5. We have considered the facts of the case and submissions made before us. The facts are that the assessee maintains offices in India which are known as LO under Foreign Exchange Management Act. These offices are not permitted to carry out any business activity leading to earning of income. There is no evidence on record that the assessee violated the terms and conditions on which the LO were permitted to be operated by the RBI. This issue whether the LO constitute Permanent Establishment (PE) or not has comes to an end when It has been admitted by the assessee that its income may be computed on cost plus basis. Representatives of Australian Educational Institutions visit India for the purpose of admitting students to their institutions. In the proceedings of asstt. Year 2006-07, assessee was able to bring on record evidence from the educational institutions that the institutions themselves incurred the cost of boarding and lodging in India of their representatives. Such evidence could not be filed in this year. However, it does not mean that the assessee has incurred the cost of boarding and lodging. The reasonable view still will be that as in earlier year the expenditure was incurred by educational institutions unless some evidence is brought on record to prove that the assessee, in fact, incurred the cost in this year. Further, the Ld. Counsel has made a statement at bar that the appellate order for asstt. Year 2006-07 has been accepted by the revenue and no appeal has been filed against this order. In such a situation, it will be appropriate to assume that the expenditure has not been incurred by the assessee in this year also looking to the factual position that the expenditure was incurred by the institutions last year. Therefore, it is held that there is no evidence on record to come to a conclusion that assessee incurred the expenditure in respect of stay of representatives of Australian Educational Institutions in India. Accordingly, it is held that no income is attributable to the Indian offices on this ground.
5.1 In the result ground No. 1 is allowed.
6. Ground No. 2 is in relation to expenses incurred by the head office in respect of operations conducted in India. The facts are that the expenditure has been attributed to Indian offices by taking analogy from section 44C of the Act. This provision deals with allowance of expenditure incurred by Head office in relation to offices in India. This provision does not raise a presumption that such expenses have been incurred by Indian offices.
6.1 This issue also arose in the proceedings of asstt. year 2006-07. Ld. CIT(A) held that the assessee can be taxed in India only in respect of income arising to it from activities in India and not in respect of services rendered by head office. For the sake of ready reference para 7.1 of this finding is reproduced below :-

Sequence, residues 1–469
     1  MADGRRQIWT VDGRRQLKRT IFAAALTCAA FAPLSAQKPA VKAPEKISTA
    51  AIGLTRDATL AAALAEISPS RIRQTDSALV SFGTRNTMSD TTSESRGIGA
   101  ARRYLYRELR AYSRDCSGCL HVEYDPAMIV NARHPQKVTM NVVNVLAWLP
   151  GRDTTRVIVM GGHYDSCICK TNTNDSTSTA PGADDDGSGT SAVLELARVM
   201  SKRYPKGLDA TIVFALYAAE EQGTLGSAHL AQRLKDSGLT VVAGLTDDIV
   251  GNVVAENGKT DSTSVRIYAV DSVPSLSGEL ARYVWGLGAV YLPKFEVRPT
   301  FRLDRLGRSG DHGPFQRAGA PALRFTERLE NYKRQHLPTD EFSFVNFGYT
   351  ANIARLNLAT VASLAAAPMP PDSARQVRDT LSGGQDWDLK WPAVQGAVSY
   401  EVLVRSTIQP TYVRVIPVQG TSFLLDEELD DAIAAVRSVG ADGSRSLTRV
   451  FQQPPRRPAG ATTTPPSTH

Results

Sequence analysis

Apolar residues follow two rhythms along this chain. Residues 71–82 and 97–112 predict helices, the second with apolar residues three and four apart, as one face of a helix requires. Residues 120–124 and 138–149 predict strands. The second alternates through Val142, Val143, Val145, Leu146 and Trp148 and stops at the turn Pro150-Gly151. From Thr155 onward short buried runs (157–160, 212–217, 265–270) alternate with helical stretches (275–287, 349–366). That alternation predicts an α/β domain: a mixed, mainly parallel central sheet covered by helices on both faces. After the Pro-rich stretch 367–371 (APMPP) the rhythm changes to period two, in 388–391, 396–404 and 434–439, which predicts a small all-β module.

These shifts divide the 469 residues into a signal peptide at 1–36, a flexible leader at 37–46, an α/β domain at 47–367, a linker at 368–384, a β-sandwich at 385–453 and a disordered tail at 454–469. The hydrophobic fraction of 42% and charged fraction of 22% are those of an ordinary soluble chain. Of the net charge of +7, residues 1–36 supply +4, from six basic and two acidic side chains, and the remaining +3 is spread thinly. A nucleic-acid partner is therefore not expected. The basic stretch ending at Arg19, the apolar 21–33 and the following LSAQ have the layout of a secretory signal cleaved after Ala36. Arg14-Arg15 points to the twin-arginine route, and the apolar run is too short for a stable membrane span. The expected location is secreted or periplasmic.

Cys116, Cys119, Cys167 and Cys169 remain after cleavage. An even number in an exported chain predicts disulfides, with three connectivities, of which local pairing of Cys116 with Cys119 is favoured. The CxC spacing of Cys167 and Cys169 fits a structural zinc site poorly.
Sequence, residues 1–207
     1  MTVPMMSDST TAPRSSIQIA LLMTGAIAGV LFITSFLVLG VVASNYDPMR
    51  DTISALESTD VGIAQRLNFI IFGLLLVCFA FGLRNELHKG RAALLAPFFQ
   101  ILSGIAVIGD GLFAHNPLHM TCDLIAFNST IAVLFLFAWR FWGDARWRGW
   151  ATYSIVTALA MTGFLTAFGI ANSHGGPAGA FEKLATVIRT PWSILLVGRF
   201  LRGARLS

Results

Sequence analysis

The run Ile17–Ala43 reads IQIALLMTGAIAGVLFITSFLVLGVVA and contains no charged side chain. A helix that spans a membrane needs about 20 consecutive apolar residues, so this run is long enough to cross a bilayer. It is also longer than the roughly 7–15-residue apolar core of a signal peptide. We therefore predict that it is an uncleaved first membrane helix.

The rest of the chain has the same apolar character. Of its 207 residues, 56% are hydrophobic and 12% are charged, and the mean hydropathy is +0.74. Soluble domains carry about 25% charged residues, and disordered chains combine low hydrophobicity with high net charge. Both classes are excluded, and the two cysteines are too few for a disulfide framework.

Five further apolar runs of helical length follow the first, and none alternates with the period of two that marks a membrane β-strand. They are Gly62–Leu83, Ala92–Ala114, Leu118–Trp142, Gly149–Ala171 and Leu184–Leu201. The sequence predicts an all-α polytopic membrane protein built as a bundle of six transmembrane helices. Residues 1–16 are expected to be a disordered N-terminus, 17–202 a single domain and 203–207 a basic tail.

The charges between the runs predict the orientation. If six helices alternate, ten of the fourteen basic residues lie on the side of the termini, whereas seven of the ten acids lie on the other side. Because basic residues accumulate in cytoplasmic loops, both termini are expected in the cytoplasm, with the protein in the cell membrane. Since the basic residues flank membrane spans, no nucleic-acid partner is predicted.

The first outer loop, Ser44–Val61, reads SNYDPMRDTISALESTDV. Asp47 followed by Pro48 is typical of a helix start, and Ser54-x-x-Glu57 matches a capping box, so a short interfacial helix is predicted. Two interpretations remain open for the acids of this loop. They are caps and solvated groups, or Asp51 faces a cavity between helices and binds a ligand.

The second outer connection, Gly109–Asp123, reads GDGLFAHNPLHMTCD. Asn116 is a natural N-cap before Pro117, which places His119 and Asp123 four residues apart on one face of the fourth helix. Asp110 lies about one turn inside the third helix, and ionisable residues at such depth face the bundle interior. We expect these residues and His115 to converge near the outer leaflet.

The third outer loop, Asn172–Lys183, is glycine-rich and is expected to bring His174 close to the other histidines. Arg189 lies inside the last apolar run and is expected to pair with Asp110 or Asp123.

7.1 “Similarly, the Ld. AO has not brought out any fact or evidence on record to establish that any other cost was incurred by the Head Office of the appellant in respect of its activities in India. Moreover, the appellant can only be taxed in India in respect of the income derived by it for its activities in India and not for the services rendered by its Head Office, if any, in Australia. Therefore, I am inclined to agree with the appellant in this regard, i.e. it is held that the Ld. AO was not justified in including the amount of Rs. 13,30,954.- on notional basis in the total cost incurred by the appellant in India to arrive at the income at the net margin rate of 15% of such total cost. Therefore, the Ld. AO is directed to exclude the amount of Rs. 13,30,954/- from the total cost base to arrive at the income of the appellant.”
7. Ld. Counsel for the assessee submitted that the assessee has not claimed any deduction in respect of alleged head office expenditure. Even if it is assumed that such expenditure has been incurred, deduction will have to be allowed for the same u/s 44C. However, he strongly relied on the findings of the Ld. CIT(A) that expenditure incurred by the head office cannot form the basis for computing income derived from activities in India.
7.1 In reply, Ld. DR relied on the finding of the AO.
8. We have considered the facts of the case and submissions made before us. The finding of the AO is that expenditure incurred by the head office will have to be allocated to the Indian offices. There has been no allocation made by the assessee. The income is being offered for tax on cost plus basis, therefore, the general and administrative expenditure incurred by the head office for running India offices has to be considered for working out the cost base. The fact of the matter is that the Indian offices have not incurred any expenditure. If any income accrues on account of expenditure incurred by the head office, it will be the income of the head office and not Indian offices. At the same time, if any expenditure is attributed to Indian offices deduction of the expenditure will have to be allowed. Thus seen from any angle the revenue does not have any case in this matter.
8.1 In the result ground No. 2 is also allowed.
9. The result of the discussion is that the appeal of the assessee is partly allowed as discussed above.